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Ian Anderson’s Jethro Tull Rock Opera Lit with Bandit Lights
USA – It was last year in Italy while touring with Jethro Tull, singer-songwriter and frontman Ian Anderson began to toy with the idea of a stand-alone show around the real life exploits of the band’s namesake. Using lighting provided by Bandit Lites, lighting designer Mark Wheatley took his knowledge of Anderson’s lighting preferences (no haze, no ‘mad flashing lights’ and dislike of followspots) to complement Jethro Tull – The Rock Opera, which features both earlier hits and newly written songs.
“The workhorse fixtures are Martin Mac Viper profiles, GLP Impression X4s on mid and back truss, Mac Auras on front truss and pros booms and Sharpys on back truss and floor,” said Wheatley. “We also use Showtec Sunstrips as blinders and effects on floor towers and back truss. An 18k HD projector on the show is rigged either on the front or mid truss depending on stage depths and sight lines.”
In addition to three 40’ trusses at front, mid and back stage, he also utilizses six truss towers to frame the video screen.
With Ian Anderson preferring not to use haze, Wheatley had to choose fixtures that were both powerful enough to work in front of the white projection screen and give a definite beam look without haze. The solution: GLP X4s, with their varying zoom range including an ACL styled beam when rigged in groups, giving an old school ACL fan look.
“As with any artist though, if Ian feels that the lighting is complementing and enhancing his creativity then he feels more comfortable with it,” said Wheatley before adding: “It's all about communication. He has a very acute sense of timing so if I miss a cue, he will be the first to know and isn't shy about telling me.”
Timing is crucial as the video heavy show features Ian Anderson interacting with virtual co-stars, requiring him to feel the focus move from him to the screen when necessary. The challenge was moving the visual focus without followspots, as per Anderson’s request. The solution? LED Wash lights on the pros booms and the front truss.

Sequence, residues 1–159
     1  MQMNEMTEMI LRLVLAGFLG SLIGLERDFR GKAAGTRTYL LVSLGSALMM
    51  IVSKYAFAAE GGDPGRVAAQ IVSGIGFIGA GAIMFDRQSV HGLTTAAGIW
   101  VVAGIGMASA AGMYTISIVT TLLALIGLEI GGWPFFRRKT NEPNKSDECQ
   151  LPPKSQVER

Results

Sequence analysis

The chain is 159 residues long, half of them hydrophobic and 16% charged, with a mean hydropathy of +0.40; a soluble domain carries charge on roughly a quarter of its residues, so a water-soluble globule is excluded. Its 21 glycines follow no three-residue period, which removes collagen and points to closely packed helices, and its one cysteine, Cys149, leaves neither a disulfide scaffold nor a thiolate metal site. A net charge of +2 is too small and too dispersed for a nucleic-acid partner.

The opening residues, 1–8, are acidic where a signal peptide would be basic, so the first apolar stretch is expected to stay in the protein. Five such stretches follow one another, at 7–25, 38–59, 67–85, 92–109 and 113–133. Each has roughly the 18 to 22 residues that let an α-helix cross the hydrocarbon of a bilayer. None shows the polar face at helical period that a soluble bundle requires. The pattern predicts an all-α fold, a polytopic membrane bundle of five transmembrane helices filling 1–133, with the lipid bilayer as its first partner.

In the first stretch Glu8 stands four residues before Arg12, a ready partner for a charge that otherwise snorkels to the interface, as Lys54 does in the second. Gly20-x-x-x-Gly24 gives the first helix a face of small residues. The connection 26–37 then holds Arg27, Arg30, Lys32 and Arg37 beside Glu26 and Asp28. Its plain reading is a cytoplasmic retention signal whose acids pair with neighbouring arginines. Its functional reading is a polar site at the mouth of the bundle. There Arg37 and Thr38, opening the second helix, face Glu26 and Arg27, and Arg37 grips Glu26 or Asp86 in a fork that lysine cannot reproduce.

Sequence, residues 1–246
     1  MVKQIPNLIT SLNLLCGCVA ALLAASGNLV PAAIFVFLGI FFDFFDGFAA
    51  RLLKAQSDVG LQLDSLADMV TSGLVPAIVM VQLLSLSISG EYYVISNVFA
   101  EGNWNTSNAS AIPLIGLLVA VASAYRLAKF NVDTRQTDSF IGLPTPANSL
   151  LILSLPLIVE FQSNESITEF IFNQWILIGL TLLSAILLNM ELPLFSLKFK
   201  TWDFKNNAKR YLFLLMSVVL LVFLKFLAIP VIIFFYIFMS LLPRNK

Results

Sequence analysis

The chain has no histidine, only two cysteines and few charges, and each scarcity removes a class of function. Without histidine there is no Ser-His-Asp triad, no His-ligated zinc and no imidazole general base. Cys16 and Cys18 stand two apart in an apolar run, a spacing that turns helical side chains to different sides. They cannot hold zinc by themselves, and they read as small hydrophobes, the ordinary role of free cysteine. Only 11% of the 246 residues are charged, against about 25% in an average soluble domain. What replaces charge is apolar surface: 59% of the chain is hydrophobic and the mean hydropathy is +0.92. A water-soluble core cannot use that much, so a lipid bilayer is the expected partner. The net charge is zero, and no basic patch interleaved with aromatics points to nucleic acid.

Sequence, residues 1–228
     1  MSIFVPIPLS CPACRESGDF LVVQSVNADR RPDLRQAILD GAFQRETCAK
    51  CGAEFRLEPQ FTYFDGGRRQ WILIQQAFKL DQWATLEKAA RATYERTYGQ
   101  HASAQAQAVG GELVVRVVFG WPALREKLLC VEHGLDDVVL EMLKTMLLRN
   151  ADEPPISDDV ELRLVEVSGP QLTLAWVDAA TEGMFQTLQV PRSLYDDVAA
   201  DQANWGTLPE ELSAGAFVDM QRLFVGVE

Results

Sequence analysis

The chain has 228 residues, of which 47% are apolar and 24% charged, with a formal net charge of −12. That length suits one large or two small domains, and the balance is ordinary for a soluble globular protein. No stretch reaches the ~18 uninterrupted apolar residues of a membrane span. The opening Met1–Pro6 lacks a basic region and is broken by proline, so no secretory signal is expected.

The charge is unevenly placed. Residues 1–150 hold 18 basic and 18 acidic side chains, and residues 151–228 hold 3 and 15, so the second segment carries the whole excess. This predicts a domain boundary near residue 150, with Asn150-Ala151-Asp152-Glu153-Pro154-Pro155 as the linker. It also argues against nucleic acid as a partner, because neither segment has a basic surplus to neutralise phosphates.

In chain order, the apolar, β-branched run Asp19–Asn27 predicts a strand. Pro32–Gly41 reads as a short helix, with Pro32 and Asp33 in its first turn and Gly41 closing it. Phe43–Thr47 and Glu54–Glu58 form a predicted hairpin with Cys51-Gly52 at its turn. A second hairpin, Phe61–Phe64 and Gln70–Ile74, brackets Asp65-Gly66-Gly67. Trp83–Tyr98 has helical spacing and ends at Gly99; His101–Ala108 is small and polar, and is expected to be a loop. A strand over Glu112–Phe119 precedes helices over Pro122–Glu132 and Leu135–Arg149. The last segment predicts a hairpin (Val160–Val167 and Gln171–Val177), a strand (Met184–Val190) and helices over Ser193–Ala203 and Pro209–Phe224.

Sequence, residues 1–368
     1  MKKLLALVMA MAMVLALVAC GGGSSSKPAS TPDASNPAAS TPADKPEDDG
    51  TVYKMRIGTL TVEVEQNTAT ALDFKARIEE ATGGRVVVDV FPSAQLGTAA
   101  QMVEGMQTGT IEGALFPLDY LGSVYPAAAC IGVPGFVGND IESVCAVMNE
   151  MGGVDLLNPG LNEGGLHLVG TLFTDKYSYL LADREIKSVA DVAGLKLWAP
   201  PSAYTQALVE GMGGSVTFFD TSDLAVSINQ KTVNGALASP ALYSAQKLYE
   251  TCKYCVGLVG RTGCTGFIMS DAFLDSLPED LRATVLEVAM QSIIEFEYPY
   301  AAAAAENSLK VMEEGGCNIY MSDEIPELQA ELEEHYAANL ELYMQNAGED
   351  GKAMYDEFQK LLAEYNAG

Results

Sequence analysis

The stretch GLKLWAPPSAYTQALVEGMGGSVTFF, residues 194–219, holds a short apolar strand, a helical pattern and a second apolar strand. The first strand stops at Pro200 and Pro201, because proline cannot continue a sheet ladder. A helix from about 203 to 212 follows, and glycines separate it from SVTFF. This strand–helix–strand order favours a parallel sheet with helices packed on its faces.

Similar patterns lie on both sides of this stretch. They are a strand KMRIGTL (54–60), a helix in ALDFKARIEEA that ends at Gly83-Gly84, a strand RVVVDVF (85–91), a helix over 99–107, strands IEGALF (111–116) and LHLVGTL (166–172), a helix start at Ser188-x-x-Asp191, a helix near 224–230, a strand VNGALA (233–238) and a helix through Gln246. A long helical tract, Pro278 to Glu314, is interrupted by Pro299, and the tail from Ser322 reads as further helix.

“I never liked RGB colours on faces before,” explained Wheatley. “I was always a fan of tungsten on faces, but the Auras now do a great colour correction and white, making my life much easier on that front.”
With the band and Anderson positioned downstage, the mid truss is used to reinforce the back light looks, but also provides a cross light on faces when the front light might wash out the video. The fixtures on the mid-stage truss provide more shadowed, textured looks, meaning the lights needed to be either in line or slightly downstage of Anderson. And while positioning trusses may be simpler in arenas, the wide array of theatre venues for the current tour requires some daily creativity on Wheatley’s part.
“To be honest that's one of the reasons I've loved touring for the past 20 years because no two days are the same,” he said adding, “Fortunately the guys with me on the road from Bandit were flexible, not only in their thinking but in their communication and prep, so even when I was shifting the goal posts each day, they were with me all the way.”
Flexibility and quality preparation are key to a successful tour, and are two elements Bandit strives to achieve for every single client; a reputation that apparently preceded this tour.
“Right from the start of the process of getting the show together, Dizzy was really accommodating and eager to give me the tools I needed to make my design work,” said Wheatley. “The reputation that Bandit has for prepping the gear for a tour, no matter the duration or size of the tour, is second to none and project manager Don Lockridge and the team at Nashville didn't let the side down this time. They were happy to accommodate the kit which I travel with around the world, like my Chamsys control and Hippo Media Server.”
“It was great to be able to work together with the Ian/Tull organisation again,” added Dizzy. “I first worked with them in 1986 or ’87 and onwards for about 18 years, back when Ian and I both had more hair. He has been such a major force in the history of concert touring since the very earliest days; you cannot deny his forward thinking and his methods of not blindly accepting the touring status quo (the principle, not the band). I liken his contributions to the evolution of live rock shows with the likes of Bowie, Alice Cooper and Queen over the course of his career. Mark and production manager Chris Archer were total gents to work with and we do look forward to a few more decades touring with them all!”
Attention to detail in preproduction means less headaches when the production kicks off, a fact that was not unnoticed on Ian Anderson’s tour.
“That first day of a new tour when everyone is finding their feet and working with new people they've never met before can be truly stressful,” finished Wheatley. “Not surprisingly all the gear arrived and it was pretty much plug and play for me.”
26th November 2015
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